NBC

“….. wind gusts of up to 87 mph in the southern port of Hook of Holland….”

 


January 18, 1969: The worst weather-related disaster in California in the 20th century.

History Channel

 

 


An arctic front will bring a wintry mix of heavy snow, ice, dramatically colder temperatures, and gusty winds from the Middle Atlantic to the Northeast Saturday. Ice accumulations up to a quarter of an inch could cause power outages and create hazardous travel conditions. Later this weekend and early next week, a new arctic front will bring widespread snow from the Plains to the Great Lakes.

TWC

National Weather Outlook

SPC Products Overview

 


NASA: A Chilly End to 2017 for the Northeast

A Chilly End to 2017 for the Northeast

As 2017 drew toward a close, Arctic air spilled into the eastern United States and Canada for several days. Blasts of bitterly cold air set up a white Christmas for many Americans, and forecasters are expecting New Year’s Eve celebrations to be the coldest in recent memory for many areas.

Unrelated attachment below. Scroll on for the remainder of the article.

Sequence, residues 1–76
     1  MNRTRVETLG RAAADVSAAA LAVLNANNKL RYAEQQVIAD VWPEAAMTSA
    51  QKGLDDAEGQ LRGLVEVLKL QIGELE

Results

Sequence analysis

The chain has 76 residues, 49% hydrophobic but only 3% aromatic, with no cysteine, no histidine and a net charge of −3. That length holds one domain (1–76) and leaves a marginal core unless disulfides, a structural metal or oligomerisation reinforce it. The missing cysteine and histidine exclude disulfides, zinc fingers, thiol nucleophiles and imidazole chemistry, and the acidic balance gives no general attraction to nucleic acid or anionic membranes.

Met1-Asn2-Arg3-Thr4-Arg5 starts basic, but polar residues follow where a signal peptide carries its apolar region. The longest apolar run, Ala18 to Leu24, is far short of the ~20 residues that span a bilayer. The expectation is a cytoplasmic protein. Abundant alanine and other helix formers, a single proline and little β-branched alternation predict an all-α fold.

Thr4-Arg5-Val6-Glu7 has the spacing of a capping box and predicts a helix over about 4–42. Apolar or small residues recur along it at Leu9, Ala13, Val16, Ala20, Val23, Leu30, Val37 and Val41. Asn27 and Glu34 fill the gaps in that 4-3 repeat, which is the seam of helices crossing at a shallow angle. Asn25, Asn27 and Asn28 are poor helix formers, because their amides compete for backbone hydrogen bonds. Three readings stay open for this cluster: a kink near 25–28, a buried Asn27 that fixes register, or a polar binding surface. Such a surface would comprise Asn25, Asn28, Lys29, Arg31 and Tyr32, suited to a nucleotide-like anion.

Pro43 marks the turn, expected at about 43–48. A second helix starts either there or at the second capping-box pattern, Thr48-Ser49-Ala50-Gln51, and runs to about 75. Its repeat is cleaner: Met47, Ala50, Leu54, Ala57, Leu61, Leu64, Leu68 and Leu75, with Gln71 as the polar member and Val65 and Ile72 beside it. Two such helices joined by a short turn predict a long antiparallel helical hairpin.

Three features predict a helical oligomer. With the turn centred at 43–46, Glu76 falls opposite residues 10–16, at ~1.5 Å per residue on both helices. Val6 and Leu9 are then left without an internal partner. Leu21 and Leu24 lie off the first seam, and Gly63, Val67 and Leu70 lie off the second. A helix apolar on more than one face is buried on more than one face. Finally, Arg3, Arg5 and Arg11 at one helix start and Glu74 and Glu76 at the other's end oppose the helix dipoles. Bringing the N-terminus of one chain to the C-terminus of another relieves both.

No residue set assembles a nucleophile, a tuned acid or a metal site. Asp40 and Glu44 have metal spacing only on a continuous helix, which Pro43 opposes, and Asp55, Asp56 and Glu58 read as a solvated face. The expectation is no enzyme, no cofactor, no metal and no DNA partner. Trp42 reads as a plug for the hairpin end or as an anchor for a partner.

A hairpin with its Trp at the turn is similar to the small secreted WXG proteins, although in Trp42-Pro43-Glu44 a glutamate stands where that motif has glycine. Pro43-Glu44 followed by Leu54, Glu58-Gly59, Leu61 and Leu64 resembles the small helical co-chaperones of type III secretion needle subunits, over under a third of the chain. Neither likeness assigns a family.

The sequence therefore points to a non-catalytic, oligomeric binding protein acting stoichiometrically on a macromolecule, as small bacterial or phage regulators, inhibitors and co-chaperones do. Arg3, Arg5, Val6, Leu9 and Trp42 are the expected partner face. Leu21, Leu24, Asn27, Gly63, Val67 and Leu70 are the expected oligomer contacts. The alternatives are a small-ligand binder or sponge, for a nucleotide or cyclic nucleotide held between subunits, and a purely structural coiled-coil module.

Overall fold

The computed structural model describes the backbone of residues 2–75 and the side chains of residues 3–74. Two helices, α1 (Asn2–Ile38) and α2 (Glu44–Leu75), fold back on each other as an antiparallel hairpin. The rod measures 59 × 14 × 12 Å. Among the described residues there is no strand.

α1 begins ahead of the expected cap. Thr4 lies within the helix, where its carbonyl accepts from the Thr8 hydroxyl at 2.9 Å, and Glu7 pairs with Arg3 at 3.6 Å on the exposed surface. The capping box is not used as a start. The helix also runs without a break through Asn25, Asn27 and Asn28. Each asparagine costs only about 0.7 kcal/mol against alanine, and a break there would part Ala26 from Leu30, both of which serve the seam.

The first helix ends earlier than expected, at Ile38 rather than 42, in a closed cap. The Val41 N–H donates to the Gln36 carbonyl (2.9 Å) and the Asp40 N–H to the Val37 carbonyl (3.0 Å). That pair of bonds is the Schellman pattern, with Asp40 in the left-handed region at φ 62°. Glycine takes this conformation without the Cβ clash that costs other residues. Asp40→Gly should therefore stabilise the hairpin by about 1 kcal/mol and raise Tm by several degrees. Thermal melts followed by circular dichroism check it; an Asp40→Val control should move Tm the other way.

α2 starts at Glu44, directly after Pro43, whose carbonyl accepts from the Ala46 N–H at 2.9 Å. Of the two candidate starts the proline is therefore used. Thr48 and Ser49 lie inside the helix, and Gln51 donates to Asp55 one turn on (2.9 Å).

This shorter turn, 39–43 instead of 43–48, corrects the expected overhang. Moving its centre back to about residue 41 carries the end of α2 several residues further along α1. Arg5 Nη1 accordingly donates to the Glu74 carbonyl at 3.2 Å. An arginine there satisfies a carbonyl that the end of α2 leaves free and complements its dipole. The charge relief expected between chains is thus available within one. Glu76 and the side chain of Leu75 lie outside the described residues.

The Moderate Resolution Imaging Spectroradiometer (MODIS) on NASA’s Terra satellite captured this image of the frozen Northeast landscape on December 28, 2017. Brisk northwesterly winds created rows of “cloud streets” as cold air blew over Lake Ontario and the Atlantic Ocean. A layer of snow covered much of New England and upstate New York.

Cloud streets are long parallel bands of cumulus clouds that form when cold air blows over warmer waters and a warmer air layer (temperature inversion) rests over the top of both. The comparatively warm water gives up heat and moisture to the cold air above, and columns of heated air called thermals naturally rise through the atmosphere. The temperature inversion acts like a lid. When the rising thermals hit it, they roll over and loop back on themselves, creating parallel cylinders of rotating air. As this happens, the moisture cools and condenses into flat-bottomed, fluffy-topped cumulus clouds that line up parallel to the direction of the prevailing winds.